HaboZine feature: Where Mosh Ends

By: Henry Presman

based on “Where the Sidewalk Ends” by Shel Silverstein

There is a time when Mosh ends
and before school begins
and the grass grows green
and there the sun is sad for school starting
and summer rests and school takes its place
to wait in the cool autumn wind.
We have to leave this place where happiness lives
and the road home winds and bends
past the stadium where the Ravens play.
We will walk with a walk that is sad and slow
and watch the Chadar disappear behind the trees
to the time when Mosh ends.
Yes we’ll walk with a walk that is sad and slow
and we’ll watch the Chadar disappear behind the trees
because the chanichim are fun and the chanichim all play.
The time when Mosh ends.

Tisha B’Av at Mosh

When Tisha B’Av falls during the time when Mosh is in session, the machane (camp) tries to observe the day in a different, but meaningful way.  Tisha B’Av is the commemoration of the destruction of the first and  second temples in Jerusalem.  Although Tisha B’Av is specifically meant to remember the destruction of the temples, many Jews also use it to commemorate other hardships that have befallen the Jewish people.

At Mosh, we try our hardest to make Tisha B’Av interesting, engaging, thought provoking, and educational.  One of the major aspects of Tisha B’Av that we try to rework is the notion that it a commemoration of hardships that have struck the Jews specifically.   We also remember and learn about other peoples’ struggles, like African Americans during the Civil Rights Movement, and those attacked by the Klu Klux Klan.  This Tisha B’Av, we also had two different time blocks for special chugim (interest groups), where chanichim (campers) learned about a variety of situations where people are oppressed, but also how people rose above the oppression to help their fellow person.  We had chugim about homosexuality and Judaism, how the New York Times reported on the Holocaust, Ethiopian Jews in Israel, the Milgrim Experiment, and many more.

In order to balance the weighty topics we were discussing with more light activities, chanichim participated in an art and storytelling carnival, where they made their own storybooks, had stories read to them, learned Israeli dances, tried interpretative dance, and made abstract art.  The chanichim also took part in painting and building a model Western Wall (which you can see some photos of below).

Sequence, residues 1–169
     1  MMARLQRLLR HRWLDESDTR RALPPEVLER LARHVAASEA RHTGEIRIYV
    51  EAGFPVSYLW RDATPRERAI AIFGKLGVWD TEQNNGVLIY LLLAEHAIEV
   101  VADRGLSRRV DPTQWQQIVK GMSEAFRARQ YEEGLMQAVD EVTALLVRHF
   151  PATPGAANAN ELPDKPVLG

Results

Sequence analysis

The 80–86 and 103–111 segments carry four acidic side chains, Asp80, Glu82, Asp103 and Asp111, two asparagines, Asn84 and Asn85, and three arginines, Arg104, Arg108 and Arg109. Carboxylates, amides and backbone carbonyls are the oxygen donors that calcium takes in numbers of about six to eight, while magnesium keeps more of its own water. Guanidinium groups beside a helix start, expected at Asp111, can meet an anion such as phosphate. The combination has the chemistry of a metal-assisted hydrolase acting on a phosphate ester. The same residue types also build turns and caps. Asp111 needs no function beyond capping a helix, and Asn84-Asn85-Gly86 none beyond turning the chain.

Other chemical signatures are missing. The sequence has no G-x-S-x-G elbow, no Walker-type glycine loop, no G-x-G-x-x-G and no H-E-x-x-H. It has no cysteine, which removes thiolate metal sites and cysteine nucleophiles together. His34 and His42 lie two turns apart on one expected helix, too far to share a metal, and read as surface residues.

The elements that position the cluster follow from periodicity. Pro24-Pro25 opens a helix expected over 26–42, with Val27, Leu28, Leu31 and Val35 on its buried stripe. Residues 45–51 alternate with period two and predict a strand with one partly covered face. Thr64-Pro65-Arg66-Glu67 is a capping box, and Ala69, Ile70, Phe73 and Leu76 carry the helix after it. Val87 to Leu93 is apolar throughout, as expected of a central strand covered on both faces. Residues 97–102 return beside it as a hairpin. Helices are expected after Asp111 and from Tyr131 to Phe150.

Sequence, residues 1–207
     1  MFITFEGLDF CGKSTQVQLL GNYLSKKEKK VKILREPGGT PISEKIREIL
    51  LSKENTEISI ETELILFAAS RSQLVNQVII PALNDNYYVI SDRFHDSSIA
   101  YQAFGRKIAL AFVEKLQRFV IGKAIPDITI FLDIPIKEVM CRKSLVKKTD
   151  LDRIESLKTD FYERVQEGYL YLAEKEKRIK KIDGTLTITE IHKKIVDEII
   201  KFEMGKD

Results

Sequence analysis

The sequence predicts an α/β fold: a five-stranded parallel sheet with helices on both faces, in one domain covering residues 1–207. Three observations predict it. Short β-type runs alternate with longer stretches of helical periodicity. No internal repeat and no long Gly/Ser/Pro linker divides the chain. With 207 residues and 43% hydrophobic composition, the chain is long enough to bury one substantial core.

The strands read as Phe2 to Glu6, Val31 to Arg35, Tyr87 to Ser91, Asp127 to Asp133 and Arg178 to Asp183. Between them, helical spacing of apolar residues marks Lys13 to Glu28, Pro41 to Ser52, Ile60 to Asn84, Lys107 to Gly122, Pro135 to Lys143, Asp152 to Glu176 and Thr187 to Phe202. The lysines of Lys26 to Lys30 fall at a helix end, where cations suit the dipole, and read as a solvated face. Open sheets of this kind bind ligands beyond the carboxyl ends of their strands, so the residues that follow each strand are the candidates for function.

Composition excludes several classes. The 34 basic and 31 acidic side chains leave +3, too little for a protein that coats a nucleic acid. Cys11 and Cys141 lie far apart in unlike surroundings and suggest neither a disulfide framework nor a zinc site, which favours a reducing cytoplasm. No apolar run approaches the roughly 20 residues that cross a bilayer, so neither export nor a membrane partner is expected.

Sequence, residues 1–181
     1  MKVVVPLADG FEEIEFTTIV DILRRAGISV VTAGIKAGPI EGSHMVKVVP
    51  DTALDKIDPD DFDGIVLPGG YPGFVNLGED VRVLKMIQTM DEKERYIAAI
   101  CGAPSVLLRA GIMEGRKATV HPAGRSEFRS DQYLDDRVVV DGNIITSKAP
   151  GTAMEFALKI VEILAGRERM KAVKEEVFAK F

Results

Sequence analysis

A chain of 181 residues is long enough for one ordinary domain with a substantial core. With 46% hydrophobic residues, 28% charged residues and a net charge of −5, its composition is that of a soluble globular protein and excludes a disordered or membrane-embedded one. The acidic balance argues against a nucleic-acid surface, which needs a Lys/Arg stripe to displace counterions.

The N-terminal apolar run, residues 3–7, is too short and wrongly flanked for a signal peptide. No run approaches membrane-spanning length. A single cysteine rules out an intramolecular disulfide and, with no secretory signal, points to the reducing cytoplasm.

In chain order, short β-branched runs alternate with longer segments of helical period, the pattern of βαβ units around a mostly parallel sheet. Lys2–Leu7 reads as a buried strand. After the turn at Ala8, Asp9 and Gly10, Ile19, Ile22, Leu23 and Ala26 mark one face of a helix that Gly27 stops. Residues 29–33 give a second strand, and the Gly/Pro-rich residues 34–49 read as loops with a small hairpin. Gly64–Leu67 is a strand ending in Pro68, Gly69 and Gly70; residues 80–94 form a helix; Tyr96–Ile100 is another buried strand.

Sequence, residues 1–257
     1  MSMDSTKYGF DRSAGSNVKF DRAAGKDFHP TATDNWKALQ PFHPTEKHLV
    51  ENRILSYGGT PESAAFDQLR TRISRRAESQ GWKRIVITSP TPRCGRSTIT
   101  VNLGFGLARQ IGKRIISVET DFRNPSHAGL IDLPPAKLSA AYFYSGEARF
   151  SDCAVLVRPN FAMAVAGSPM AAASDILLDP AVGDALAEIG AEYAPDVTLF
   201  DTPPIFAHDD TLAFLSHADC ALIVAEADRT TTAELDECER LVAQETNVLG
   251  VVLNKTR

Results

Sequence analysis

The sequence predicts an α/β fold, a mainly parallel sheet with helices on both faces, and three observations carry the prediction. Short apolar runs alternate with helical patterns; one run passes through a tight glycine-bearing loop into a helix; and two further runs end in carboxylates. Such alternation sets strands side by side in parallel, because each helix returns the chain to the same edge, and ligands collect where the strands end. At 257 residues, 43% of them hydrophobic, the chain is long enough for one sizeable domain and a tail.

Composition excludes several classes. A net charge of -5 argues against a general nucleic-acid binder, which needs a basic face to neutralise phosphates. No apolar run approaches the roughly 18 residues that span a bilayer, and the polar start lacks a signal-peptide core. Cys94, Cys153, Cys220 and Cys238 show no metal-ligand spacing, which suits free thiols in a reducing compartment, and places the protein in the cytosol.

Overall, the day was very meaningful and had a nice balance of serious and difficult topics as well as fun and light activities!

Welcome To Second Session!

Shalom chaverim (hello friends)!  First session has come to a close, but have no fear, because second session is about to begin!  Everyone here is very excited to have all of our new and returning chanichim [campers] arrive for the first day of machane (camp).
If you read the blog, watched the youtube videos and enjoyed the Facebook photos for the last 4 weeks, you know that the wonderful Marlena Chertock has done a fantastic job of bringing a glimpse of the activities we do here to you all at home.  However,

Marlena has completed her tenure as communications specialist for the summer, and is now a madricha (counselor) with the Amelim.  I, Ethan Bennett, will be assuming the role of communications specialist and trying my best to match the stunningly high bar that Marlena set.  If you want to know a bit more about me, feel free to check out my bio here.

As the madrichim (counselors) prepare for second session, I can safely say that it is shaping up to be a fantastic 4 weeks; full of fun programs and meaningful peulot (activities).   Again, we here are SO excited for the chanichim to arrive and to beginning running an awesome summer for them. And I am very excited to give all of you a window into the programs and activities we run a Machane Moshava!


Last Shabbat of First Session 2012

The modern dance from the Solelim Oneg. Photo by Marlena Chertock.

First Session is almost over. It’s gone by so fast, even though everyone says the days go by like weeks here.

It’s the last Shabbat of First Session 2012. We’re cherishing all the moments and traditions — Rikud (Israeli dancing) in the MLC because of the rain, the Solelim Oneg (view photos from the Solelim Oneg here, videos to come), Shabbat chugim, Shabbat Shira, Musicale, medurah, and more. Some of us are leaving tomorrow, some of us will stay for another two weeks or four weeks.

Tonight will also be a great tradition to enjoy — Final Mis, or messibah (party). The Chadar Ochel (dining hall) will be fully decorated. There will be f0od, candy, dancing, and a photo slideshow of the session. Check back later for photos of Final Mis and the rest of the session.